# Vector questions with X and Y Components

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Homework Statement:
Vectors
Relevant Equations:
If I walk 20 km North, then 15 km East, then 10 km at 35° South of East

1-What is the magnitude of my displacement?

2-What is the angle of my displacement from east?

3-If I travel the entire distance in 4 hours, then what is my average velocity?
I know what x and y components are but this is really confusing me. And the angle I think is the inverse of tan something. part 3 is so confusing smh

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Homework Statement:: Vectors
Relevant Equations:: If I walk 20 km North, then 15 km East, then 10 km at 35° South of East

1-What is the magnitude of my displacement?

2-What is the angle of my displacement from east?

3-If I travel the entire distance in 4 hours, then what is my average velocity?

I know what x and y components are but this is really confusing me. And the angle I think is the inverse of tan something. part 3 is so confusing smh
Draw the path (vector) diagram. That's ALWAYS the way to start these problems.

• Hall
homeworks
Draw the path (vector) diagram. That's ALWAYS the way to start these problems.
I have drawn it already. I did 20km N then 15 km E then 10 km at 35 S of E. I got kind of a rectangle shape but not really. idk what to do next

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Do you know what the words in the question mean? What is displacement? What is average velocity?

• PeroK
homeworks
Do you know what the words in the question mean? What is displacement? What is average velocity?
Yeah displacement is the total distance in a straight line. So I would need to convert 10 km at 35 south of east to x and y component, which I guess would be x-component=10cos35 and y-component=10sin35. then what?

• PeroK
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Yeah displacement is the total distance in a straight line.
Not exactly. For one thing, displacement is a vector whereas distance isn't.

Displacement is the change in position. So the question is asking you how far north and east you end up compared to where you started. Can you figure that out from your diagram?

homeworks
Not exactly. For one thing, displacement is a vector whereas distance isn't.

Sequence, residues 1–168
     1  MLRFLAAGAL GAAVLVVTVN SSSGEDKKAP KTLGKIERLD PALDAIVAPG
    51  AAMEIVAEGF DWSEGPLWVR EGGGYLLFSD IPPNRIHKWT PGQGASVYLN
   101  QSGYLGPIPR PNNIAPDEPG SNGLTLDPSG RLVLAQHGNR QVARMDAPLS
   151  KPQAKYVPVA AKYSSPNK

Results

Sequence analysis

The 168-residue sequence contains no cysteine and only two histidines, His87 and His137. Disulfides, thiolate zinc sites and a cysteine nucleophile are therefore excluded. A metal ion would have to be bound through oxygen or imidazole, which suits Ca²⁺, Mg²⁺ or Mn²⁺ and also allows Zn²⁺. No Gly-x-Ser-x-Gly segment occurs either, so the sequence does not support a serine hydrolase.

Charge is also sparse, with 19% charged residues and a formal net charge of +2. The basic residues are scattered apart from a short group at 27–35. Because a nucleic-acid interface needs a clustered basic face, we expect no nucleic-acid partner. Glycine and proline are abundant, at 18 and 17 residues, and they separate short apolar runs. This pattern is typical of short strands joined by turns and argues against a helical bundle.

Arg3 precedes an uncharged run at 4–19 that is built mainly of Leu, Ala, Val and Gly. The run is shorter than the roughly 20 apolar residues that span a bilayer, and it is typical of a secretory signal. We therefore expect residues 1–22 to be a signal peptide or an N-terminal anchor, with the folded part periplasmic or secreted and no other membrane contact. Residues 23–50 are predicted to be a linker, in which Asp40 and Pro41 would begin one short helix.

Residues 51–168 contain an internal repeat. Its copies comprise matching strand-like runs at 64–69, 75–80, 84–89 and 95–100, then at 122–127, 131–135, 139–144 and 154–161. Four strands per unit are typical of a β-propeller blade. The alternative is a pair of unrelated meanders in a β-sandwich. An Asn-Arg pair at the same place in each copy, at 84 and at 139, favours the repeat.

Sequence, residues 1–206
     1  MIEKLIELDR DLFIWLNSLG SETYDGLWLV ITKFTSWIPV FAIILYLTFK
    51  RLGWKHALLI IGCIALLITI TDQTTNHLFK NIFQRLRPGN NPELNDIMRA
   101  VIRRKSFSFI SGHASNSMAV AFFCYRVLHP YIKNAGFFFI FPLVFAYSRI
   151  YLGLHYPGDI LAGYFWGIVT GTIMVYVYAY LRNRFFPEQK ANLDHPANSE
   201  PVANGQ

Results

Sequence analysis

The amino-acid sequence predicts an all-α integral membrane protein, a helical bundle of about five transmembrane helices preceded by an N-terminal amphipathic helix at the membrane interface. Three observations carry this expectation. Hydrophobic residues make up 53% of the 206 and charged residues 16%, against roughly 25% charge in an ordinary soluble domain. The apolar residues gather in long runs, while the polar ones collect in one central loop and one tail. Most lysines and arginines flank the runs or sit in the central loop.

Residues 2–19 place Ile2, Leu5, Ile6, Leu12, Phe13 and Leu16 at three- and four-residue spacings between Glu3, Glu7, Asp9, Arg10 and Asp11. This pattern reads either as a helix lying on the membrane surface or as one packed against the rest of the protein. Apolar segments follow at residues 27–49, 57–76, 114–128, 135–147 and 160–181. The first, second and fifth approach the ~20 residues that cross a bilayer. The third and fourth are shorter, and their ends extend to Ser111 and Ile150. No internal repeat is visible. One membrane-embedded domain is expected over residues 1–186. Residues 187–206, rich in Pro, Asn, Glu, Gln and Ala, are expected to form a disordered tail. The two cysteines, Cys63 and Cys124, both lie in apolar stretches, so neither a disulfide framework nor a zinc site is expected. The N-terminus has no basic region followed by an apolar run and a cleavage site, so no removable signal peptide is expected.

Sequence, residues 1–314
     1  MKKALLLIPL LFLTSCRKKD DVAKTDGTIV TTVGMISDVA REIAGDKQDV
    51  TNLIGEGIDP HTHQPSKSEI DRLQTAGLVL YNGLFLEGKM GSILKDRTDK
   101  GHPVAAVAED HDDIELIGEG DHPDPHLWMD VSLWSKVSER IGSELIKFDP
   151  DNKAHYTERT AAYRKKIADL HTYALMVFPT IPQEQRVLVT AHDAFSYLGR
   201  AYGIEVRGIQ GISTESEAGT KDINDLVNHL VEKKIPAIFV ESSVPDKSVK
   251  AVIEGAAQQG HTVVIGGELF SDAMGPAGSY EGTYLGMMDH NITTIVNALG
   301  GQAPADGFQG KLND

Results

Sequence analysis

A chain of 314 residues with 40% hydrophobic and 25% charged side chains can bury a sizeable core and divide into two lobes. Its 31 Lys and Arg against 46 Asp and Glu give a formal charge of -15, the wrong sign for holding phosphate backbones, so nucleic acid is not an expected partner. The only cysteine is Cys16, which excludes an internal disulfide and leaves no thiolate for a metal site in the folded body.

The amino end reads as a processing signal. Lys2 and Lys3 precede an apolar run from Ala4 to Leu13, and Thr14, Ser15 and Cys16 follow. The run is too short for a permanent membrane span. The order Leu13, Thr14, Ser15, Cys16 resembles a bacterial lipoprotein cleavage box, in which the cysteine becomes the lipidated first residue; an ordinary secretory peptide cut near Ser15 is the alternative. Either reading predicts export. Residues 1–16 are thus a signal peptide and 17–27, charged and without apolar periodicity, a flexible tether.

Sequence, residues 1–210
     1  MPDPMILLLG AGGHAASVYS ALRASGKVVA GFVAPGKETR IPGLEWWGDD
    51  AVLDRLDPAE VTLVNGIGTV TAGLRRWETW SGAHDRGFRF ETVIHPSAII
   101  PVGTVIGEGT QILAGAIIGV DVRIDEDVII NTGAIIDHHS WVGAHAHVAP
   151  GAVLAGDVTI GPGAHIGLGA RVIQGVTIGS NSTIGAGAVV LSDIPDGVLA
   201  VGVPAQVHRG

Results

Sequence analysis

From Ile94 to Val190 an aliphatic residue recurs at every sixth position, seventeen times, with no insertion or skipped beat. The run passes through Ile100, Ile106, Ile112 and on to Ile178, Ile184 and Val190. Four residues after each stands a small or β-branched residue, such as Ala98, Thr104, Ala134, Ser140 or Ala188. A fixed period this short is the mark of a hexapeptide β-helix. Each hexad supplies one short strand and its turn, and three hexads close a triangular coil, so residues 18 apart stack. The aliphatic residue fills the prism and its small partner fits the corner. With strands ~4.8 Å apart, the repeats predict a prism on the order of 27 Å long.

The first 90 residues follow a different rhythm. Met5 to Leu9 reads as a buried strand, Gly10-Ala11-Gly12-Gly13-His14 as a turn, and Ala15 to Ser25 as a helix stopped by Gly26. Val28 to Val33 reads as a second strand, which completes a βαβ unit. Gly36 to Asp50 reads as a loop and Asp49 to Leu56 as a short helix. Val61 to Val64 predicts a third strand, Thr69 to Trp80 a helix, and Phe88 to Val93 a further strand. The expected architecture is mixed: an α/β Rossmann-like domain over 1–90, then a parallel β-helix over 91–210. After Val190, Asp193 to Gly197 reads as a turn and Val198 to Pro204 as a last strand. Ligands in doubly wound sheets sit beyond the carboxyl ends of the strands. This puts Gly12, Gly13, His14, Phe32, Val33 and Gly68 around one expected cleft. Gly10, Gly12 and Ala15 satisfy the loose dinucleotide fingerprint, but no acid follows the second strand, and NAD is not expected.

Displacement is the change in position. So the question is asking you how far north and east you end up compared to where you started. Can you figure that out from your diagram?
No, can you?

• PeroK
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Can you answer the question if it's just the first two legs of the journey?

homeworks
Can you answer the question if it's just the first two legs of the journey?
You mean if it's just 20 km North and 15 km East? Yes. it would be 25

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How far north and east (separately) do you end up compared to where you started?

homeworks
How far north and east (separately) do you end up compared to where you started?
You end up 20 km North and 15 km East from where you started?

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Yup. Note that you treated walking north completely separately from walking east because the two directions are perpendicular to each other.

So now add in the last leg. How far in the northward direction does the last leg take you (negative because you'll be walking southward)? How far east does the last leg take you? Use basic trig to figure those out.

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Here is a drawing drawn to scale that could serve as reference for future discussion (if needed.)
In part (a) you need to find the length of OC
In part (b) you need to find angle θ.
In part (c) you need to apply the definition of average velocity. Look it up if you don't remember it, but keep in mind that it is a vector therefore you have to specify both its magnitude and direction. • jbriggs444, Steve4Physics and Hall
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I have drawn it already. I did 20km N then 15 km E then 10 km at 35 S of E. I got kind of a rectangle shape but not really. idk what to do next
Not a rectangle, as @kuruman's drawing in the previous post shows.

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